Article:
Clothes can say a lot about a person; they might point to age, colour preferences, partiality to particular trends. Historically, clothing has also revealed a person’s gender identity – until now. In 2018, gender stereotypes are being done away with. Societally engrained ‘rules’ are softening. The question of nature versus nurture is being hotly debated and we can no longer assign the colour pink to a girl, or blue to a boy. Instead, we need to look at the individual without judgement and give them space to freely and honestly express themselves.

Boundary-defying editorial Blah Blah Genitals challenges what it means to be a man or a boy, stripping away preconceived notions of masculinity and replacing them with fluffy high-heels, satin gloves and soft, pastel-toned makeup. Photographer Julie Faulkner and stylist Lorena Hydelman took a light-hearted approach to tackling such a divisive topic, creating a safe and playful environment for these young boys to experiment with their self-expression. The resulting series is imbued with the innocence and authenticity of those who are yet to be tainted by society’s expectations. As we premiere Faulkner’s heartwarming video interviews (below) with the protagonists of the series, we catch up with the artist to discuss the inspiration for the shoot, the role of clothing in identifying a person and her hopes for the future of non-gendered fashion.

How did the idea for this shoot come about?

My creative partner Lorena and I went on a trip to Barcelona where we ended up becoming close friends with our couch-surfing hosts.  Their sister’s eleven-year-old son was described by his mother as dreamy and flamboyant. We said, ”hey, why don’t we do a shoot with him?” 

It was completely spontaneous and for us really just a fun day spent with friends, styled from a suitcase, lit with what I could find, shot in our artist friend’s apartment. Kai, our very first subject, was buzzing before, during and after the shoot. The shoot gave him a platform to express a side of himself that he wouldn’t feel confident showing in his everyday environment.

In the accompanying interviews, one boy admits, ‘I was nervous about wearing dresses’. Did it generally take a bit of persuasion for them to step into ‘female’ clothing?

We deliberately did not step in too much and allowed them to dictate the direction the shoot was going to take. Fashion is a wonderful vehicle that allowed them to express themselves more freely. Some boys were more hesitant than others which mirrors the image outcome. For example, Harry, who is a big fan of Ru Paul’s drag race, shared his dream of being shot in full drag with us.

What was your starting point for removing preconceptions about what a boy ‘should’ and ‘shouldn’t’ wear?

Interestingly all the boys had an extremely open and non-judgemental view on what a boy should be like or wear. The main reason why boys would feel concerned wearing items they wore during  the creation of this project was the fear of external judgement. [It was a] clear indicator that when it comes to self-expression, it’s still feared to be dismissed, badly received and judged by society and the environment you live in.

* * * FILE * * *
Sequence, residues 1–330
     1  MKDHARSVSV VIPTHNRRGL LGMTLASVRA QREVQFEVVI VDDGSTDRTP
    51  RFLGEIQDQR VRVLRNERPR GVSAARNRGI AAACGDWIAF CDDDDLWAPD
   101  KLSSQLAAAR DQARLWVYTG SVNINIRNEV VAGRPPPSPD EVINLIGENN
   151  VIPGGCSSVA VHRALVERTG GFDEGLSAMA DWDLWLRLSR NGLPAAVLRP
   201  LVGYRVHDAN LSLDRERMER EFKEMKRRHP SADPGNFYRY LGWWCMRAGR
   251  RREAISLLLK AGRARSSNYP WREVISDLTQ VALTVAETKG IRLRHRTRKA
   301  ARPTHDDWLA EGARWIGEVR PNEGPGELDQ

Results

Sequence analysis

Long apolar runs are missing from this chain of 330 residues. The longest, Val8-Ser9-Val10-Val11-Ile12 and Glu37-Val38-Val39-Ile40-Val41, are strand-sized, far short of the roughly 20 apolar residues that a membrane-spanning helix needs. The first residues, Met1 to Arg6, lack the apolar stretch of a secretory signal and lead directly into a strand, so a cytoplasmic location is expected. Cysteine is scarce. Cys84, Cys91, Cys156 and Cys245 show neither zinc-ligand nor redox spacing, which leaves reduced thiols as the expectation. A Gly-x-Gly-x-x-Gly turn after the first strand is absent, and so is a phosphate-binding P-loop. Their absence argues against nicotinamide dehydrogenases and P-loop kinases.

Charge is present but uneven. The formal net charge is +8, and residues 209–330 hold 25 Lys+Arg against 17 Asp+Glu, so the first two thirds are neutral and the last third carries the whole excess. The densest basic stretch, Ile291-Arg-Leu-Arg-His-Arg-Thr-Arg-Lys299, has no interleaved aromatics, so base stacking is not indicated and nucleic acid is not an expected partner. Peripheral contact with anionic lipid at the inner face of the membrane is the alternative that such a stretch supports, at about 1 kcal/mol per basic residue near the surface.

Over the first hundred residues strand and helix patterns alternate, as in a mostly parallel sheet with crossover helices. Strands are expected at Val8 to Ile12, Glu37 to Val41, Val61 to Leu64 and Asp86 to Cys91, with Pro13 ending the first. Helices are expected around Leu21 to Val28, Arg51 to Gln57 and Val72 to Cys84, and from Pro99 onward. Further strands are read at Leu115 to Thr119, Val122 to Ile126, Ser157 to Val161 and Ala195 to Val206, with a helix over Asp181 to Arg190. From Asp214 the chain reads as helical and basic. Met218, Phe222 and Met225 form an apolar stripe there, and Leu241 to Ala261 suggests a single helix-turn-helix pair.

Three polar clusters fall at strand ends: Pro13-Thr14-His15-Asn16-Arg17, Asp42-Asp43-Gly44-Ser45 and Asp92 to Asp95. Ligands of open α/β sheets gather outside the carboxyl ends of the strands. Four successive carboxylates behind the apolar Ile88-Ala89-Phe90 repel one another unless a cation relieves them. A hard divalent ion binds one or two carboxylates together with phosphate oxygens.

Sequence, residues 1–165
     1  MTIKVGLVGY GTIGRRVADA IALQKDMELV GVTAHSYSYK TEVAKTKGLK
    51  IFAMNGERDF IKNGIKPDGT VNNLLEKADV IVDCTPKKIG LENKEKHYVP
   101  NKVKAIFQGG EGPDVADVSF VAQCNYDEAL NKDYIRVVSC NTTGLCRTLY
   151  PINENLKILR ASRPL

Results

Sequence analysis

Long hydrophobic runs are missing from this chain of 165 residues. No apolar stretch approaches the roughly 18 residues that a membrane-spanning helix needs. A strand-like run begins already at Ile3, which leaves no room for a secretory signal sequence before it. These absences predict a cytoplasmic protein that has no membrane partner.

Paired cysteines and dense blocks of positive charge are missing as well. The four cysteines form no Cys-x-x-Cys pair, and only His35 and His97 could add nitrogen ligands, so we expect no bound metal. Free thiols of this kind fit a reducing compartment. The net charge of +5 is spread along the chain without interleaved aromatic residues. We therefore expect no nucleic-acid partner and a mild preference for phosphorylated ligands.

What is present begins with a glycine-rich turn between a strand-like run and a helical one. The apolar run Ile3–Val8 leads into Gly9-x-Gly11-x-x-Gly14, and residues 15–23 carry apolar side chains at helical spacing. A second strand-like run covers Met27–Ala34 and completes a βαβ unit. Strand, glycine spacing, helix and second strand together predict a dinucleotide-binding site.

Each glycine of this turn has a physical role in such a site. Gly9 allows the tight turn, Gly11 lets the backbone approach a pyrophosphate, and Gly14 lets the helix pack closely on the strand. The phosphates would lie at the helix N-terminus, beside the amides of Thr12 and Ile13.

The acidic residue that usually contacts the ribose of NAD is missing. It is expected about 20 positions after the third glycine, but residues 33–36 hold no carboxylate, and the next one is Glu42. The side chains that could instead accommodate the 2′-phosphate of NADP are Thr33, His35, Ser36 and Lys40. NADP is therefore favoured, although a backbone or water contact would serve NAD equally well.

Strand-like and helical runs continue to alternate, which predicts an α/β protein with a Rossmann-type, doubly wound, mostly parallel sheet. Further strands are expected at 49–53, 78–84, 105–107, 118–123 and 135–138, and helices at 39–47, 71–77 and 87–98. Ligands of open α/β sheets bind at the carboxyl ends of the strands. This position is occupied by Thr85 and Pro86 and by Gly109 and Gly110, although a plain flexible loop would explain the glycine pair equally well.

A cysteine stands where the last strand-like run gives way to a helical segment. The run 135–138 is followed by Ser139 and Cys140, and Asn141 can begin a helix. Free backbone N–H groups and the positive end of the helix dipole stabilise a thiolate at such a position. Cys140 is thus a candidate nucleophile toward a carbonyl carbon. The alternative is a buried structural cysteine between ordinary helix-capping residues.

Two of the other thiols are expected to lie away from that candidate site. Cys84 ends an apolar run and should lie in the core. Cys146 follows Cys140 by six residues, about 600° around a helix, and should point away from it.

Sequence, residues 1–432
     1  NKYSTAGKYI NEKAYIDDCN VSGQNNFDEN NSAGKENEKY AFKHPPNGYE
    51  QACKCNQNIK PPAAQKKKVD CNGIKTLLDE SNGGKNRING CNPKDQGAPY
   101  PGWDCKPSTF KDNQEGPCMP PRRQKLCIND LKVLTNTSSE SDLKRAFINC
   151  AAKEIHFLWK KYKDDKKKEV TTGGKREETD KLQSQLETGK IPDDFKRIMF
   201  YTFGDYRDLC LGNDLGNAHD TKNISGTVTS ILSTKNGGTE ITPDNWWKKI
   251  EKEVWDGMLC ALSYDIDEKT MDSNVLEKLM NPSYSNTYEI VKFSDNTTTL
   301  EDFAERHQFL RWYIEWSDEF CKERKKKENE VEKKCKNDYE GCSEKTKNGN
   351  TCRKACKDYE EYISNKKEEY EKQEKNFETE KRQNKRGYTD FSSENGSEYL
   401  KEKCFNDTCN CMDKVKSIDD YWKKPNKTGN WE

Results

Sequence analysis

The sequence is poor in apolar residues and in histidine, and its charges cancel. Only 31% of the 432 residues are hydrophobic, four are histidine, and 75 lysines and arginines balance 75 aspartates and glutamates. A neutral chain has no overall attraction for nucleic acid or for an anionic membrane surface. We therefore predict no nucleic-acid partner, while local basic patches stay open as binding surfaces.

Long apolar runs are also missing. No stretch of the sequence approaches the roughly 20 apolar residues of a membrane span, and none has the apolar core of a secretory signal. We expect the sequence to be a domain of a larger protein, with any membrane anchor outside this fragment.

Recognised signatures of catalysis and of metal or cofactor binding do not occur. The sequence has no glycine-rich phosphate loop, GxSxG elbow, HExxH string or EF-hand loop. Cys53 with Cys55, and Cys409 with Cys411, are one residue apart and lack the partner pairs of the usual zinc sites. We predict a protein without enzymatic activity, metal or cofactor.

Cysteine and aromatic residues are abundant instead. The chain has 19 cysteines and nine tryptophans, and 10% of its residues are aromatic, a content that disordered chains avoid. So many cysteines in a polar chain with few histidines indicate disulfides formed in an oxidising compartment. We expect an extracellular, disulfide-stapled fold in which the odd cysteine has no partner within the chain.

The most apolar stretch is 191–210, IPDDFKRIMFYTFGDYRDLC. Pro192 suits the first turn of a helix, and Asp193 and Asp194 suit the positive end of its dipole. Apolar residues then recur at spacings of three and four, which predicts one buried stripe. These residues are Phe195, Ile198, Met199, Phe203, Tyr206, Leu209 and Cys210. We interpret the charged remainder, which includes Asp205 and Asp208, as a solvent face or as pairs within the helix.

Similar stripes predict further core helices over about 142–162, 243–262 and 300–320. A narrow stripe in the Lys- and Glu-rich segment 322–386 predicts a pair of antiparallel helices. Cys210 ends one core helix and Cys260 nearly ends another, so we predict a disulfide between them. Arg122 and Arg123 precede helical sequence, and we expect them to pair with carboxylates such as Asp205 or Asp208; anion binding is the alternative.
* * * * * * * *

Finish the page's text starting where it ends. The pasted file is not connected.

I think even us adults can relate to this fear. Why do you think how we dress is so informed by others’ opinions?

I believe that many people tend to identify and categorise other people based on their exterior. Clothes are one way to label a person – to put them in a box. Dressing out of the stereotypical gender norm is still met with suspicion. I truly believe that removing labels and categories as a whole would bring us a lot closer to a less fearful and more accepting society.

How do you think this concept would have played out if you approached young men rather than young boys – say in their late teens or early 20s? By then the stereotypes of gendered dressing must be even further engrained.

I do believe that we are born a blank canvas and our upbringing, our peers and friends all splatter different colours onto this canvas which eventually inform which colours we later on in life accept and which we deny. The more colourful the finished painting the more accepting the person. It was wonderful to add a new, bright colour palette to a canvas that still has some empty bits and to encourage our subjects to be as bold and brave with colouring-in the future they want.

This photo series emphasises the idea of clothes just being clothes. Do you think there’s still value in traditionally ‘feminine’ and ‘masculine’ clothing, or is gender-neutral the future?

I believe in a future where gender doesn’t define our values, characteristics or clothes.

Watch the heartwarming video interviews with the boys below:

Video DOP & Editing ASLI UMUT


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